UPDATED: Fee Waiver Criteria – In the Public Interest
Please note that this blog was originally posted on March 25, 2015. On January 1, 2018, amendments to both The Freedom of Information and Protection of Privacy Regulations (FOIP Regulations) and section 8 of The Local Authority Freedom of Information and Protection of Privacy Regulations came into effect. The blog below discusses these regulations as they were at the time of the original blog post and as they are discussed in the report referenced in the blog. While these sections of the regulations have changed, the discussion of how we determine what is in the public interest is still relevant. Also, since this blog was originally posted, this office also issued Review Report 029-2017 on the issue of fee waivers.
Our office has not yet had an opportunity to examine fee waivers formally in a report – until now.
We have recently released Report 145/2014 which delved into this issue.
Section 9 of The Freedom of Information and Protection of Privacy Regulations (FOIP Regulations) and section 8 of The Local Authority Freedom of Information and Protection of Privacy Regulations prescribe the circumstances where the head of a public body should consider a fee waiver.
In our report, the Commissioner established criteria for determining whether giving access to a record would be in the public interest pursuant to subsection 9(b)(i) of the FOIP Regulations. The criteria are as follows:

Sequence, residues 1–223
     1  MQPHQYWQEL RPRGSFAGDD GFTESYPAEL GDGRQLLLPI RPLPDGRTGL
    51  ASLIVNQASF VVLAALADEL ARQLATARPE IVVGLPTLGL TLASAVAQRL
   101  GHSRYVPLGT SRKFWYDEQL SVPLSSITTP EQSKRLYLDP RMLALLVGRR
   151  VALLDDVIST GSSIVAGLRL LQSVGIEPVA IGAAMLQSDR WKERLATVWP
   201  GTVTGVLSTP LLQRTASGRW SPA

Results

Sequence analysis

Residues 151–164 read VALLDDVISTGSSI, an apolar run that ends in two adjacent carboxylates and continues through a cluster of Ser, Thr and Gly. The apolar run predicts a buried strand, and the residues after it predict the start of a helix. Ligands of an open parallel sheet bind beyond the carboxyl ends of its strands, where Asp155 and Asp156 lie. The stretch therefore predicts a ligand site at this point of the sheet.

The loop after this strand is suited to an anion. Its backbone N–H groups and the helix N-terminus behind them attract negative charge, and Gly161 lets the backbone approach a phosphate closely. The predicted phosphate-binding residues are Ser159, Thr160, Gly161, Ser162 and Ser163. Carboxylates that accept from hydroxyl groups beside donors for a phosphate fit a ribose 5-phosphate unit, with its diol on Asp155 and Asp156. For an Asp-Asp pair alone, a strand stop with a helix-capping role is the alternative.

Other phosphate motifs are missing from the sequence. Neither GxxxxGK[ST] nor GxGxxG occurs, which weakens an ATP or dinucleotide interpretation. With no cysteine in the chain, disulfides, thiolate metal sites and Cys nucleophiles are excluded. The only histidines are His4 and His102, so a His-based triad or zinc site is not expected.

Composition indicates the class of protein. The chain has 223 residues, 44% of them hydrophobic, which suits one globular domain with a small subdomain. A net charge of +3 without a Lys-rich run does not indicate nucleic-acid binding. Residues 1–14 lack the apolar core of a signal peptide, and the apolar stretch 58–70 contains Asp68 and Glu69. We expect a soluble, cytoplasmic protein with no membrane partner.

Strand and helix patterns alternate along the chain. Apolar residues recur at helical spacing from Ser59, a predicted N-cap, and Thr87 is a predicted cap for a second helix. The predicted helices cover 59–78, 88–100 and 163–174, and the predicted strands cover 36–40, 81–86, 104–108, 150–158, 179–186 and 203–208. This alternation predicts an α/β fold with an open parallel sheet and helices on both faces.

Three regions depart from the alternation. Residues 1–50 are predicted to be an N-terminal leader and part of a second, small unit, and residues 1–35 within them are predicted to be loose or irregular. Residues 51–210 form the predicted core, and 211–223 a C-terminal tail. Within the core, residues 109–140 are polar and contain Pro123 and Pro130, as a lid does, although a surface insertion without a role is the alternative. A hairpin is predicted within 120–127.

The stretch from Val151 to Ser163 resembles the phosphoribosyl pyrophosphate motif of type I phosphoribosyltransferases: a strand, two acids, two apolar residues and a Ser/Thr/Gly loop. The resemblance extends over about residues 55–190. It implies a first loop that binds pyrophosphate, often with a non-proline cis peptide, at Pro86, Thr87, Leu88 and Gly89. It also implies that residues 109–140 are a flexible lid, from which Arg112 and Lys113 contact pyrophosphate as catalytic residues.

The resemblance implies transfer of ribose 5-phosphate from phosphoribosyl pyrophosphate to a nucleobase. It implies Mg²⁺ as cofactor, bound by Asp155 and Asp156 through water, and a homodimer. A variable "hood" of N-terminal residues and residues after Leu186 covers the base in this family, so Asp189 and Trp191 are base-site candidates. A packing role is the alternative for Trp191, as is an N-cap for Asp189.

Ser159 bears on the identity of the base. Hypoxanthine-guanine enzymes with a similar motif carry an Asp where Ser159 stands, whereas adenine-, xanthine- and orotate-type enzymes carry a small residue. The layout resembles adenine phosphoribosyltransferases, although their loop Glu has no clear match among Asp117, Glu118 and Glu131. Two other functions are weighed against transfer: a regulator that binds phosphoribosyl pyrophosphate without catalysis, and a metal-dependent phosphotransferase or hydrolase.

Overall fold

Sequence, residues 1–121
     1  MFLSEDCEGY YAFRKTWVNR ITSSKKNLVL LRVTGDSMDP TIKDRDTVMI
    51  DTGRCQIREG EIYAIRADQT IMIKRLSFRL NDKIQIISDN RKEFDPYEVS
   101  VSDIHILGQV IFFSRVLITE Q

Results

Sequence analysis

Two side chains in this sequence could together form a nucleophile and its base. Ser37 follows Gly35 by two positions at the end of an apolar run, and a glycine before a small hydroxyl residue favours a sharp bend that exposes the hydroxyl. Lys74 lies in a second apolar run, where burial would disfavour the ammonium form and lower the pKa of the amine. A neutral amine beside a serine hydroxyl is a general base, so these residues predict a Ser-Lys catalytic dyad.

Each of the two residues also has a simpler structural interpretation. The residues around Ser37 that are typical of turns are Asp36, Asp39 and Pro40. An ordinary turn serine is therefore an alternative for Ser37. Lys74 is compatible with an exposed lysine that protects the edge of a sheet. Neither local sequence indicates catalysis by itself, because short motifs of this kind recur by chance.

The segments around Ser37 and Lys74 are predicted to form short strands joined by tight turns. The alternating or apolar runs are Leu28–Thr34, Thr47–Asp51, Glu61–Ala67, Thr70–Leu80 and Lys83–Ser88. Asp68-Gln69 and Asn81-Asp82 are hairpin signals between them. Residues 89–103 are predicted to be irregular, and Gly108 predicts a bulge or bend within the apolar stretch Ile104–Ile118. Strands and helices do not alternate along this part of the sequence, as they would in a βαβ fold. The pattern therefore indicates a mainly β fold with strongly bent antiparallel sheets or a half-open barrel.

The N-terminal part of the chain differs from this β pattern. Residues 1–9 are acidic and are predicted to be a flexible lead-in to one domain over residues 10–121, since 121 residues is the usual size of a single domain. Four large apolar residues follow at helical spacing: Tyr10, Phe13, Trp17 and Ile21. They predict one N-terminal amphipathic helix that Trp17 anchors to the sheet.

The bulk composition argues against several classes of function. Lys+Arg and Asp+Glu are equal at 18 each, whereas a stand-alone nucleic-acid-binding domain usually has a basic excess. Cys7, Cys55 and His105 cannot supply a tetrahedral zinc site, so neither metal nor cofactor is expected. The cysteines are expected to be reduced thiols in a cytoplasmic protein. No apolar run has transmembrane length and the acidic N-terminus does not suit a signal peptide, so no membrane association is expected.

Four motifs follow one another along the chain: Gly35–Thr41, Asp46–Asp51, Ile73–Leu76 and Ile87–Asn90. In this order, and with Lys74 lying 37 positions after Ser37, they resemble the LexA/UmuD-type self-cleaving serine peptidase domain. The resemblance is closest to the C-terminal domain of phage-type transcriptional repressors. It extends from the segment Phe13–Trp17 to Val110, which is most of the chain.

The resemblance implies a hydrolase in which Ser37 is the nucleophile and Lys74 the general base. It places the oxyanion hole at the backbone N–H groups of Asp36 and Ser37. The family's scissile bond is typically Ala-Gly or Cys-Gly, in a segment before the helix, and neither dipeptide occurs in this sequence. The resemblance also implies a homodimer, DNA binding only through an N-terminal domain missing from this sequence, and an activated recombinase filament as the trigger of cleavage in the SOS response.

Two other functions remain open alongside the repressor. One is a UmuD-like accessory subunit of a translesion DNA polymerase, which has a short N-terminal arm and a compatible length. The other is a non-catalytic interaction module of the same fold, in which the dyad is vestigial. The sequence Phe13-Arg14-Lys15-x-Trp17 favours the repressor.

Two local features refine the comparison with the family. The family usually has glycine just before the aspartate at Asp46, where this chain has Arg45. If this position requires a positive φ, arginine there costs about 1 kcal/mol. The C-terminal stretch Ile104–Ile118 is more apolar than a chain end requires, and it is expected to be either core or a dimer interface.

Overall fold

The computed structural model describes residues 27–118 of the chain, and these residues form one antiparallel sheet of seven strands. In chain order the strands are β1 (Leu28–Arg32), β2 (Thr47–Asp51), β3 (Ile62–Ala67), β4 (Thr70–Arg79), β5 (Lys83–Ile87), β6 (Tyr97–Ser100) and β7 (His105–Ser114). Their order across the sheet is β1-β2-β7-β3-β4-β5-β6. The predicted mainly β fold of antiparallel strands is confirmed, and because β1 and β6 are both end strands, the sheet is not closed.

- Will the records contribute to the public understanding of, or to debate on or resolution of, a matter or issue that is of concern to the public or a sector of the public, or that would be, if the public knew about it? The following may be relevant:
- Have others besides the Applicant sought or expressed an interest in the records?
- Are there other indicators that the public has or would have an interest in the records?
- Is the Applicant motivated by commercial or other private interests or purposes, or by a concern on behalf of the public, or a sector of the public? The following may be relevant:
- Do the records relate to a personal conflict between the Applicant and the government institution?
- What is the likelihood the Applicant will disseminate the contents of the records in a manner that will benefit the public?
- If the records are about the process or functioning of government, will they contribute to open, transparent and accountable government? The following may be relevant:
- Do the records contain information that will show how the government institution reached or will reach a decision?
- Are the records desirable for the purpose of subjecting the activities of the government institution to scrutiny?
- Will the records shed light on an activity of the government institution that have been called into question?
We note that this is criteria, not a test. Therefore, not all questions must be satisfied to find for or against a fee waiver. In addition, some of these criteria might not be relevant in every case, while the public body or applicant might draw the Commissioner’s attention to other relevant criteria.
We encourage public bodies to adopt their own similar criteria for use when they must make decisions on fee waivers.
Please note that pursuant to subsection 9(b)(i) of the FOIP Regulations, the fees must also cause the applicant ‘substantial financial hardship’. There was no need for the Commissioner to examine this aspect in his report. Further, our office has not yet established a test for this. Stay tuned!